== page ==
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Idea of knowledge
The Indian idea of knowledge is grossly mistaken. We do not accept that the artisans, farmers, persons associated with animal husbandry or the tribes have produced any knowledge. The Indian idea of knowledge has religious connotations and puts a premium on memorising texts. China has a tradition of writing texts, whereas in India, “mechanical rote learning of orally transmitted Vedas, Shrutis and Smritis” is considered the highest form of knowledge. Professor Kancha Illaiah Shepherd, in his book Post-Hindu India argues that all knowledge produced in India belonged to the subaltern classes and tribes.
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Traditionalism over capitalism
Traditionalism has killed the spirit of capitalism. The Hindu dogma of samsara (world) and karma (deed) has put shackles on the Indian mindset, making us believe that all individuals are born into a caste because of their deed in the previous life. Sociologist Max Weber, in his treatise The Religion of India, explains that, “So long as the Karma doctrine was unshaken, revolutionary ideas or progressiveness were inconceivable. The lowest castes, furthermore, had the most to win through ritual correctness and were least tempted to innovations.”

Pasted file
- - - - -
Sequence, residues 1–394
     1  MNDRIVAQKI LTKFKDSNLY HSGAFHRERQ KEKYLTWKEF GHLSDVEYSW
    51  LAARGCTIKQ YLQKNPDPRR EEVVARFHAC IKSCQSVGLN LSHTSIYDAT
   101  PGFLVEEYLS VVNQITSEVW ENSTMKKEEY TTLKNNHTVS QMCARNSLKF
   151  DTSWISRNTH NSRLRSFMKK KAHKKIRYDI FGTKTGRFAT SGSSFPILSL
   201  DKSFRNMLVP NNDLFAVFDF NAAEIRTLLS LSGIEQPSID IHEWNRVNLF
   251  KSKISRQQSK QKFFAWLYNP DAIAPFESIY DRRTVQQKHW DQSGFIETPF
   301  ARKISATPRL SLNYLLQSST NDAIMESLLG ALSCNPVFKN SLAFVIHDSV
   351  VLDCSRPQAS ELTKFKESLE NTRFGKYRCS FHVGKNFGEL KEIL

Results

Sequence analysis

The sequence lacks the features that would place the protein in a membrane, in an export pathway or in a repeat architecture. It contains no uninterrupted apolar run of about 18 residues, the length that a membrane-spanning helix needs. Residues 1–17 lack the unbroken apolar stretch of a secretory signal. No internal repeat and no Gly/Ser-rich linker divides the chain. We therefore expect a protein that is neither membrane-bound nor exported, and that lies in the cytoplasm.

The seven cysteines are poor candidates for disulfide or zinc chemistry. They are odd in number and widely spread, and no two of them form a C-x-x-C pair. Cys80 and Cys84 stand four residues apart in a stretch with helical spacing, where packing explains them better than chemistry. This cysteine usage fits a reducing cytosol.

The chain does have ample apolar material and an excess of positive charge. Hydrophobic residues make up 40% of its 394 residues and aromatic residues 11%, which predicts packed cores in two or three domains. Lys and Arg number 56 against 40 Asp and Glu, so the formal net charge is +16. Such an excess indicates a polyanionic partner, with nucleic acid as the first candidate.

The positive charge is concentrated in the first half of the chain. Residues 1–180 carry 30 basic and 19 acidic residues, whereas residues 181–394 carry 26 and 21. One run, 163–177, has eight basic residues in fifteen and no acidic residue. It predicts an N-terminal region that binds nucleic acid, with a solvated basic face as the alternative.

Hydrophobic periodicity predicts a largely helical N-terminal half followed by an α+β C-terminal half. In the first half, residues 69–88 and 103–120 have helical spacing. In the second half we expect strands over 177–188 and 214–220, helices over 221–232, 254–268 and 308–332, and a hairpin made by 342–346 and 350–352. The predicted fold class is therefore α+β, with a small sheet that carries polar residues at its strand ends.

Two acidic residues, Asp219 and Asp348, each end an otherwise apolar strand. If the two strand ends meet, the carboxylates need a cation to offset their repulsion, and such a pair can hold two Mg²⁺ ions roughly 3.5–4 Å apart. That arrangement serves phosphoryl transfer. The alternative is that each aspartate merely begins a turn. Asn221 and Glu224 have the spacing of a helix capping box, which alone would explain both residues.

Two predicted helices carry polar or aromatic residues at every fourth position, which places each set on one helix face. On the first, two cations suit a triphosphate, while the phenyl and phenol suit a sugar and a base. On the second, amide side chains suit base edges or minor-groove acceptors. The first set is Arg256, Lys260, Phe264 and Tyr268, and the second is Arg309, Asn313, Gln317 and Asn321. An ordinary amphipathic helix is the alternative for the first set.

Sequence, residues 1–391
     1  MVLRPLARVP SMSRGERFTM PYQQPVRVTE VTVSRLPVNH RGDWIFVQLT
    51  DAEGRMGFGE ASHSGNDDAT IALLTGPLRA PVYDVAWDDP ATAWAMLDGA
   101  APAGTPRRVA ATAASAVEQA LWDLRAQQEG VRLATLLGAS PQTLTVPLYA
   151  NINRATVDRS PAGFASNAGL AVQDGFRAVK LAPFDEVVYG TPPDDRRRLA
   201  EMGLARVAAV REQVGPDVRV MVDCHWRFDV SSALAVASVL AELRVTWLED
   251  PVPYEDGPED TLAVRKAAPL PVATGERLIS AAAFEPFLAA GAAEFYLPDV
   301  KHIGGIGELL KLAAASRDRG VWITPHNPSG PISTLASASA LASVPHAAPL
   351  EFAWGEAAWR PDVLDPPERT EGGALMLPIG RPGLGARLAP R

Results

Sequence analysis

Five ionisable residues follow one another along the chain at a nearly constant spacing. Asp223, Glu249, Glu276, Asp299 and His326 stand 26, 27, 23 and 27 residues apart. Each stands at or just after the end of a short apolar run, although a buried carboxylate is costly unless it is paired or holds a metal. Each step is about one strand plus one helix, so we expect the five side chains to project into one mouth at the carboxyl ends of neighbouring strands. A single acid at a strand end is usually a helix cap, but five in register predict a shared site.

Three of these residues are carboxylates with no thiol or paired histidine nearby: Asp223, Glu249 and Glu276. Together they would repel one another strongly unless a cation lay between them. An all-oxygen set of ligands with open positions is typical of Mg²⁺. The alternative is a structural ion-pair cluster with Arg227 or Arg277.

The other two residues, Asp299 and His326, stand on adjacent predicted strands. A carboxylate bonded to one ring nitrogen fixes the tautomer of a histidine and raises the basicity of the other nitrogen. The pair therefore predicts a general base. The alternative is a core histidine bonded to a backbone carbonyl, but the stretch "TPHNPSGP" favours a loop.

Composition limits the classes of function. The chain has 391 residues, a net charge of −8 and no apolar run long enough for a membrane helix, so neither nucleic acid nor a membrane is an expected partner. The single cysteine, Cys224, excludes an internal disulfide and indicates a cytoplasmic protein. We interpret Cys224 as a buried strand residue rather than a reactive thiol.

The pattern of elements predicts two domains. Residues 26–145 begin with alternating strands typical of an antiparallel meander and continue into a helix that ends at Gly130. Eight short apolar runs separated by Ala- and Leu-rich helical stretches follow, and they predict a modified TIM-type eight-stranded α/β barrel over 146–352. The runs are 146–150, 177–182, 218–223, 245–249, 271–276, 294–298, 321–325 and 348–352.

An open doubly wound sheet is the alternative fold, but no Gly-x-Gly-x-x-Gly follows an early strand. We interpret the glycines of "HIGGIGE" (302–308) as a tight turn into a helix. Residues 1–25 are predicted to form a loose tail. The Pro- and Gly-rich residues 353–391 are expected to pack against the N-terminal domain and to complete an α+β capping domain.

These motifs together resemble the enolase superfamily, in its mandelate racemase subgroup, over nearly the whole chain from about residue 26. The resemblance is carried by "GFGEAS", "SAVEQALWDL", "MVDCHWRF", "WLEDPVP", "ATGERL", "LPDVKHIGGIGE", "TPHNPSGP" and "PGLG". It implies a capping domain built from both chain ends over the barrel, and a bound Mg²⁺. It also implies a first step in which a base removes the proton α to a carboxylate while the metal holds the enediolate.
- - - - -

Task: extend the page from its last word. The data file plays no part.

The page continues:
Weber goes on to argue that “it is extremely unlikely that the modern organization of industrial capitalism would ever have originated on the basis of caste system.” He explains that since Hinduism holds any change in occupation as ritual degradation and bad karma, it is not capable of giving birth to industrial and technical revolutions.
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The upper caste hegemony
Despite constitutional provisions of reservation, all centres of higher learning in India are mostly manned by members of the upper castes. Most professors at universities belong to this small caste group. Journalist Shyamlal Yadav of The Indian Express has reported that 95.2 per cent of professors, 92.9 per cent of associate professors and 66.27 per cent of assistant professors at India’s central universities belong to the general category.